Many more things intrigue us because of their documentary value.
Photographs, letters, cartoons, a gramophone, pamphlets, first editions, campaign stickers; all these contribute to an experience that is more literary than visual.
And furthermore one that is social. We are invited to examine a network of associations between the Sitwell siblings and any number of artists and writers of the 1920s and 1930s, all of whom seem to be up-to-date and famous. The Sitwell phenomenon has to do with fashion but I don't think that they are explained by their liking for publicity. I would prefer to call them 'culture-happy' (an expression I owe to the late Clement Greenberg).
The culture-happy class buys the latest and smartest book, painting - or personality, for they are often patrons. They are led not so much by judgement as by the talked-about. They want culture continually new, therefore expendable. We first notice this class in Paris and London after the First World War, and of course they are with us today. How appropriate that the exhibition is sponsored by Harpers & Queen.
This said, the show does have a fascination. Edith, Osbert and Sacheverell were the children of aristocratic parents, their father eccentric and given to scientific pursuits, their mother a mad, arrogant spendthrift whose debts landed her in jail in 1916 when the children were still young. Edith was looking for something to do, Osbert in the trenches and Sacheverell at Eton.
The disgrace of this episode, the exhibition suggests, formed the Sitwells' social stance. They became, in Osbert's words, 'a closed corporation', mutually dependent, hostile to the world. No one will find this surprising.
But Sarah Bradford, one of the show's organisers, goes further. She says that the family background made the children aggressive and that they decided to use the arts as their weapon. 'The three Sitwells, standing shoulder to shoulder, resolved to take up the pen as a sword in the battle against the philistine.'
So is this really why the Sitwells were so keen on the modernists of their day? The psychological hurt might explain their belligerence but doesn't elucidate their tastes. As far as visual art is concerned, they had no coherent taste at all. This exhibition-cum-book is scattered and bitty and never demonstrates aesthetic value. It does show, however, how busy the trio were (another culture-happy characteristic), flying from salon to private view to concert to poetry reading to photograph session; assignations, weekends and luncheons innumerable. It's interesting to look at the record of this cocktail industry, but in the end one is frustrated; the NPG cannot record the best aspect of the Sitwells' business, which is in their writing.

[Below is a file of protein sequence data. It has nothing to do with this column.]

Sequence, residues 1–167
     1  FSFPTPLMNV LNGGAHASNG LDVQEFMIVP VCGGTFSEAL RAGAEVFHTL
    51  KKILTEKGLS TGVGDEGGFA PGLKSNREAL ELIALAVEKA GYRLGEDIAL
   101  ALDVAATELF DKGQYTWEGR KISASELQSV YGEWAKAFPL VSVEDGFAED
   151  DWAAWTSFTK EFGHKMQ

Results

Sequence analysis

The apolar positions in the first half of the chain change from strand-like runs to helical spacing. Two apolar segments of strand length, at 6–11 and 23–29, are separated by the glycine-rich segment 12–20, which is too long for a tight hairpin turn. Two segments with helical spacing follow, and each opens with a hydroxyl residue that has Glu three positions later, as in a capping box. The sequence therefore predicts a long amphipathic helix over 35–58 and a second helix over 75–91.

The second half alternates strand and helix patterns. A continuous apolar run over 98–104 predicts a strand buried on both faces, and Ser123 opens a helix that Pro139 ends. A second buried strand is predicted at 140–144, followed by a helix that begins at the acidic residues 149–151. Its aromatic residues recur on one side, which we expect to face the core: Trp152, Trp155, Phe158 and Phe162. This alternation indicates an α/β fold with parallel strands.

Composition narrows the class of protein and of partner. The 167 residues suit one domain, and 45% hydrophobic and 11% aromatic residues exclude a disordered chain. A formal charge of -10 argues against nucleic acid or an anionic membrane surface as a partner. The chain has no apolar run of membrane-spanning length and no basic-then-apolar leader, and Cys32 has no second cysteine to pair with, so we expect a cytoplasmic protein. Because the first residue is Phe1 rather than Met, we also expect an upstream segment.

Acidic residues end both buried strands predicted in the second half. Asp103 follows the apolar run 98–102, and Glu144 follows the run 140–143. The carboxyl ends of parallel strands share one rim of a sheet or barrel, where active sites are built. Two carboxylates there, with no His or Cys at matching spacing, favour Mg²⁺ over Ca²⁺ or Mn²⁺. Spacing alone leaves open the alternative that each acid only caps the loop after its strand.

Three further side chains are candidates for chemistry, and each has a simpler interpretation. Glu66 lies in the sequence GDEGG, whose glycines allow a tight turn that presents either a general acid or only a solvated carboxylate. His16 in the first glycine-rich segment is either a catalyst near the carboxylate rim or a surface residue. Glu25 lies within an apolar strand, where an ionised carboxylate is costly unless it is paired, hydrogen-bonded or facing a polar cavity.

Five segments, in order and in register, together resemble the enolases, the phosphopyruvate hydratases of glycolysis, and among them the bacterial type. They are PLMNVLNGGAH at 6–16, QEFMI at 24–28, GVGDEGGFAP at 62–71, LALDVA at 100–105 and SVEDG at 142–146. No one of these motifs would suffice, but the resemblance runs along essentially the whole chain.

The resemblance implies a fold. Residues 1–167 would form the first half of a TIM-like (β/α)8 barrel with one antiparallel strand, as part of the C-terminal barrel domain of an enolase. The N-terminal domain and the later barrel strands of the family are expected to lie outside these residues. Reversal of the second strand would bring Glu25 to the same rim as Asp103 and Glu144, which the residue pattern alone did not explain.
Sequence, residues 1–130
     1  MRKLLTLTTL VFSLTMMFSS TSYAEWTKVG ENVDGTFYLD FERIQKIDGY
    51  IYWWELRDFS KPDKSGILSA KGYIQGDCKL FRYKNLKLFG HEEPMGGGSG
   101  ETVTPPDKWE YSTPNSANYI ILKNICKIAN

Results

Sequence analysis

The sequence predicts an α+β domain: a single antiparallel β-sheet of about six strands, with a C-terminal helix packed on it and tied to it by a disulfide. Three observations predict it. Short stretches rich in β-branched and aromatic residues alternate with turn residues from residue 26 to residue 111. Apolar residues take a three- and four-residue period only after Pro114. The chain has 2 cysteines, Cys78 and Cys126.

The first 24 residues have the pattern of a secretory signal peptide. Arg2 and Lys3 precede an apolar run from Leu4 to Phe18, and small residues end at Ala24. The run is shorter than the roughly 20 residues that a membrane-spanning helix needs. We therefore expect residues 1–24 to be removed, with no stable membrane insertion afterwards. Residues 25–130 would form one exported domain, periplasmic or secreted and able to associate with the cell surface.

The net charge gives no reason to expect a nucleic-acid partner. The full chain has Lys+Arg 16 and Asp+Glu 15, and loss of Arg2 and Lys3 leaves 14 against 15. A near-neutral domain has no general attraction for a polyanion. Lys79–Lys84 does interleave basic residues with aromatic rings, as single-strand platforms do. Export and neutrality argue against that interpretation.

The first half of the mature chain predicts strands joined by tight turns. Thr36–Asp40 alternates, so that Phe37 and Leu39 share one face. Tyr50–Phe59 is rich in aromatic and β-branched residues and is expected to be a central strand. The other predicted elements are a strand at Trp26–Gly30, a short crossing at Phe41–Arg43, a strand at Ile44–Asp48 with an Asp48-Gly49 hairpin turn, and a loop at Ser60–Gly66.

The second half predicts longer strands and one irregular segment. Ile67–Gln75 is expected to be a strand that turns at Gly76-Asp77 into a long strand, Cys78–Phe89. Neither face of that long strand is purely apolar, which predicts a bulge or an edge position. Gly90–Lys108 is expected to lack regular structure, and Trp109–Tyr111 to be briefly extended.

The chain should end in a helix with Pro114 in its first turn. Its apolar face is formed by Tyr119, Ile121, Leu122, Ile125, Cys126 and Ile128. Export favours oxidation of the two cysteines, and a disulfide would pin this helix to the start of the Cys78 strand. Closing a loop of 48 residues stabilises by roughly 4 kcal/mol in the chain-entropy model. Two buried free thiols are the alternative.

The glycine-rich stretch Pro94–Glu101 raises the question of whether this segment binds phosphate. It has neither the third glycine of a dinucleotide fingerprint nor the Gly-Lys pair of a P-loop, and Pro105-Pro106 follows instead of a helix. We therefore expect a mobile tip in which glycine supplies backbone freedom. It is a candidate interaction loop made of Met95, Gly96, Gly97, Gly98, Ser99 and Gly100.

By their words, not their address books, they should stand or fall. The catalogue is essentially a picture-book. I wish it had included a fresh account of Edith's weird but sporadically impressive verse; Osbert's fiction, his words for Walton's Belshazzar's Feast; and Sacheverell's ruminations on Italian baroque art. Evidently enough, such subjects do not attract bright young literary critics. Nor has Edith ever been granted one of those reprints from the Virago Press that are tributes from the modern feminist movement to previous women writers. The Sitwells' literary achievements remain obscure.
Edith must have been the most gripping of them. Although he did not like her, Wyndham Lewis spent the best part of a decade on her portrait. This long endeavour was surely because of a fascination with its subject. The familiar painting (it belongs to the Tate) may be the best tribute in the show to a personality that was both jagged and sombre. All the Sitwells were keen to have their features recorded, but they were not always wise in their choice of artist. Roger Fry's portrait of Edith is a dignified piece of work, but when Pavel Tchelitchew examined her - which he did six times - the results were awful.
In fact the photographs of the Sitwells were regularly better than their painted portraits, and these photographs bring us near to the present day.
Horst P Horst's depiction of Edith with a giant book is an interesting exercise in the manner of American Vogue in the late 1940s. Cecil Beaton, Norman Parkinson and Jane Bown all looked at her at various times, Beaton doing his best shots in 1962, when she was 75 years old. Beaton had a special feeling for all the family and contributes fine photographs of Osbert and Sacheverell - but such was the force of her personality that they look like imitations of Edith, not chips from the same block.
This is also true of a cunning Max Beerbohm cartoon of the brothers. They appear attenuated by the absence of their sister. And the more one considers the exhibition, the more it seems that the threesome did have an almost desperate need for each other, and that all the jinking around high society was a substitute for sibling passions that had their origin in the nursery.
It's as though the exhibition, like the lives of its subjects, was designed to conceal a secret. Among the works of art that are worth looking at are Sir John Lavery's portrait of Violet Trefusis, a previously unrecorded and unpublished Picasso drawing, and a sweet picture of the Sitwell living-room in Chelsea by the American-born painter Ethel Sands, who deserves a revival.
National Portrait Gallery (071-306 0055) to 22 Jan.
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